• m6userm6user Posts: 3,181
    Just rented a 2012 Altima for a 10 day from Chicago to Texas and return. 2200 miles total and about 95% interstate/5% city so for all practical purposes it was a hwy trip. Trip computer came out at 32.8 mpg with an average of 63 mph. I calculated 32.3 from 5 fill ups and drove the speed limits which varied from some 55 to mostly 65 to 75mph. Overall pretty impressed with the car and liked the CVT once moving at a good clip but from a stop not so much.
  • Summary of what I learned from a Nissan "expert driver":
    Making short trips is bad for your gas mileage.

    Apparently a catalytic converter needs to be hot to do its job properly, and your car would produce drastically more air pollution if you drove around normally until it warmed up. To meet pollution standards, when you first start your Altima (and presumably most modern gas engines?) the car invests a surprising amount of energy idling fast to quickly heat the catalytic converter. So for the first couple of minutes you are in the car it is in a gas-expensive but pollution-reducing mode, and if you only drive for two minutes every time then you will get abysmal gas mileage. If you generally take five or ten minute trips, your mileage will still be noticeably worse than if you drove the same distance in one trip, because you burn extra gasoline each time you start driving.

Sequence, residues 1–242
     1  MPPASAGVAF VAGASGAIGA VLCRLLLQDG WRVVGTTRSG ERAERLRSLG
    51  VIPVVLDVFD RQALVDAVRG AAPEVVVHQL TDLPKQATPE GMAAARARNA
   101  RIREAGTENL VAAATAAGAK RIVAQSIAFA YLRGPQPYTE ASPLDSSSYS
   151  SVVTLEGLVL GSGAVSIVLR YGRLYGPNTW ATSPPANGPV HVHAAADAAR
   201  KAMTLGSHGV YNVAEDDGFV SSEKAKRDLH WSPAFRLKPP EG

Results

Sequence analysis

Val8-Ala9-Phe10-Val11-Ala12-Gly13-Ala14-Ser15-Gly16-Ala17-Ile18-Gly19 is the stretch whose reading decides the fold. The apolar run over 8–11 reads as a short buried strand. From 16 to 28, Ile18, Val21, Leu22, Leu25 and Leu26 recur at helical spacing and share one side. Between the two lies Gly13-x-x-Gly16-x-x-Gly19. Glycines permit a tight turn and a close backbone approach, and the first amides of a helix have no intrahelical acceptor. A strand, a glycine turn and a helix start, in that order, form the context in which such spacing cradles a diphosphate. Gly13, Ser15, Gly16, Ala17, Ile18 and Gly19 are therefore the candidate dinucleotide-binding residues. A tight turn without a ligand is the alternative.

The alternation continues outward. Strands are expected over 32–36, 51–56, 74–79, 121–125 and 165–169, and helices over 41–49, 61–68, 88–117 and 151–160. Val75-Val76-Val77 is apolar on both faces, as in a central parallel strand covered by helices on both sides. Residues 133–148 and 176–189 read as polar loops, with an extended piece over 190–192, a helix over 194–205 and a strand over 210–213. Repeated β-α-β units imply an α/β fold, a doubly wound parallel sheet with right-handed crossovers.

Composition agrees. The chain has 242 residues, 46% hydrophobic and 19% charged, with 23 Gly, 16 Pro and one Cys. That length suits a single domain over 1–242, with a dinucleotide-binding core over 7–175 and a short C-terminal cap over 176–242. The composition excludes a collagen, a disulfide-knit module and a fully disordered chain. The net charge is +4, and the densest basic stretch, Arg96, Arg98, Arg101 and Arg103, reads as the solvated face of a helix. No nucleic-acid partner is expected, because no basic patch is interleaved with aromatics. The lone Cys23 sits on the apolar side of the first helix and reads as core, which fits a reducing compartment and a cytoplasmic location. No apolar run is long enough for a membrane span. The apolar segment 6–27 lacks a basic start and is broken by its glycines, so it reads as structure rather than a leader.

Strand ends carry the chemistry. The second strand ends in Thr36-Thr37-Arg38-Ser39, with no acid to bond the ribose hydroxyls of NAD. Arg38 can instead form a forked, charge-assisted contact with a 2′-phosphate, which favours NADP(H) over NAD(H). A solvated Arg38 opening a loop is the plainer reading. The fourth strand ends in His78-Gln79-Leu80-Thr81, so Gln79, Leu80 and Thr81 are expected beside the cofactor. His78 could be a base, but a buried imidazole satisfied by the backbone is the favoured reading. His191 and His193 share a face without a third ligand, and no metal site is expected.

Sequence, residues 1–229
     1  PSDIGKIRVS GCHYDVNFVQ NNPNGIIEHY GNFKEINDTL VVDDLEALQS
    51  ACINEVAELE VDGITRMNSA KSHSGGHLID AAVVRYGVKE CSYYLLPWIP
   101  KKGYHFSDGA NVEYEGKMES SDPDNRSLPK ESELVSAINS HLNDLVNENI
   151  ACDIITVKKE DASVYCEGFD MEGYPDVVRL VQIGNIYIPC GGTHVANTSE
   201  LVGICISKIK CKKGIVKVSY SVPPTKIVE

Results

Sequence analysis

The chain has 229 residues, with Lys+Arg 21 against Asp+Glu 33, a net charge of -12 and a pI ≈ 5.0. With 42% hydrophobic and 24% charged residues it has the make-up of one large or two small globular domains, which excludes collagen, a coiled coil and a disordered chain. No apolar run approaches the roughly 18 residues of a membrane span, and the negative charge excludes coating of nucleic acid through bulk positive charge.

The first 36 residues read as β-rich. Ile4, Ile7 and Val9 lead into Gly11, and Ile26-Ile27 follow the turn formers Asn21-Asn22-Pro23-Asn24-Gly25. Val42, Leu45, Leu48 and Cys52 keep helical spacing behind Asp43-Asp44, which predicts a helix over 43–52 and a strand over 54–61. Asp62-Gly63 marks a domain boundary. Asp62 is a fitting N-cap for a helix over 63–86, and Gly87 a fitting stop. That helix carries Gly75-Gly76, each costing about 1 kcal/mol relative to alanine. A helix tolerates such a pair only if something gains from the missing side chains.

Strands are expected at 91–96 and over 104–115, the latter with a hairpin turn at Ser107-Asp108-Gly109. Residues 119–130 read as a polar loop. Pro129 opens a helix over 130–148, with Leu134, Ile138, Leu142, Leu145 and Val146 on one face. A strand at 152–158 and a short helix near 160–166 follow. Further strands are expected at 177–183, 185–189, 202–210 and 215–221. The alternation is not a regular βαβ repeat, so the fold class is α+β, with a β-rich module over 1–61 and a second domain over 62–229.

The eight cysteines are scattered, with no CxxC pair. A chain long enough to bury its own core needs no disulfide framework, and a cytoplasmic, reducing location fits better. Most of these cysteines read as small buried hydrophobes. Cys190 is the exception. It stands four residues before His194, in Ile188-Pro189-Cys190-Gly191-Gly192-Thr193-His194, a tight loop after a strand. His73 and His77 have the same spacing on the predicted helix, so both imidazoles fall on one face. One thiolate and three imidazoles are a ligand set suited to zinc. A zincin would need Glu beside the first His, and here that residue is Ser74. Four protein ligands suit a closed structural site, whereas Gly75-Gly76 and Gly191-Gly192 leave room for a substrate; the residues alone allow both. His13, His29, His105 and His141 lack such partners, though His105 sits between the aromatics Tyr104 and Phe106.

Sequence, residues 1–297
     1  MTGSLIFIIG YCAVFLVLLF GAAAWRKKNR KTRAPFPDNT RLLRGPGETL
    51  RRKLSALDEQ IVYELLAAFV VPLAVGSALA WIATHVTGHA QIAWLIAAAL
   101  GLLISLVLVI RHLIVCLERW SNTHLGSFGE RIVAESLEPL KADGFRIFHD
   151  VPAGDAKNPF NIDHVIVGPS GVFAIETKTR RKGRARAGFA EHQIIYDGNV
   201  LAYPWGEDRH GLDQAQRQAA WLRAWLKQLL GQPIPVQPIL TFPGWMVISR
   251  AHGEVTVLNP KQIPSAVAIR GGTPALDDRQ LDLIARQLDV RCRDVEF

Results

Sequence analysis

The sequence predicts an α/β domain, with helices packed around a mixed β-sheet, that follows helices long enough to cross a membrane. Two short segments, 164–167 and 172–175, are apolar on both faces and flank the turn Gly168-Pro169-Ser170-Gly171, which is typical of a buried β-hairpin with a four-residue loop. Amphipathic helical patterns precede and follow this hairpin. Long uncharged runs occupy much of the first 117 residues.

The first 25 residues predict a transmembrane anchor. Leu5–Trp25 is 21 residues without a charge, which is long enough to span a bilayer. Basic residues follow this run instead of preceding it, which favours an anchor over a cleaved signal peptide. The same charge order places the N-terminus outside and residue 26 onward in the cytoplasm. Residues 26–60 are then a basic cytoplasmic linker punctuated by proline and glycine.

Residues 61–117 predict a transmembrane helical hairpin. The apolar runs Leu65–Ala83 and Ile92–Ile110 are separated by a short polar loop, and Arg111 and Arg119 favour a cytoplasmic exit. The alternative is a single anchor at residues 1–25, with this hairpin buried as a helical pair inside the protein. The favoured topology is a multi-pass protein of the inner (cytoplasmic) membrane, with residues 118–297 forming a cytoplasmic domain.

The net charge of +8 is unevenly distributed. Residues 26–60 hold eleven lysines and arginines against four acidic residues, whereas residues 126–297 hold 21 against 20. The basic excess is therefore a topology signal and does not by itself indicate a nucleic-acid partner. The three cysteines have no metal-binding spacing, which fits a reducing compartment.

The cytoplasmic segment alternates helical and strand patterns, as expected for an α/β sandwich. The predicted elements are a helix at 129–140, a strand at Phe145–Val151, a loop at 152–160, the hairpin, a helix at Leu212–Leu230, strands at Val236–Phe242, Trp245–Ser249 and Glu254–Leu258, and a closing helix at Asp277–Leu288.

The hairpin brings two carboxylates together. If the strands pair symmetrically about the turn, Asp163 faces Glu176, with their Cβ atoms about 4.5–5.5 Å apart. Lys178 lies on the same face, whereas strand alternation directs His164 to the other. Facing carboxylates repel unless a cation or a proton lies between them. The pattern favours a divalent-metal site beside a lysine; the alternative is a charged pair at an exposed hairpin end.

I want to point out that polite persistence can be very helpful in situations like this. I spent a lot of time talking to my dealer, and got to meet "the expert from Nissan" who explained that my car is perfectly capable of getting 35+ mpg driving on an empty freeway etc. He insisted that he couldn't tell me why I would consistently get half of that without being there to watch my driving habits, and waited for me to accept that I must be doing something strange and walk away.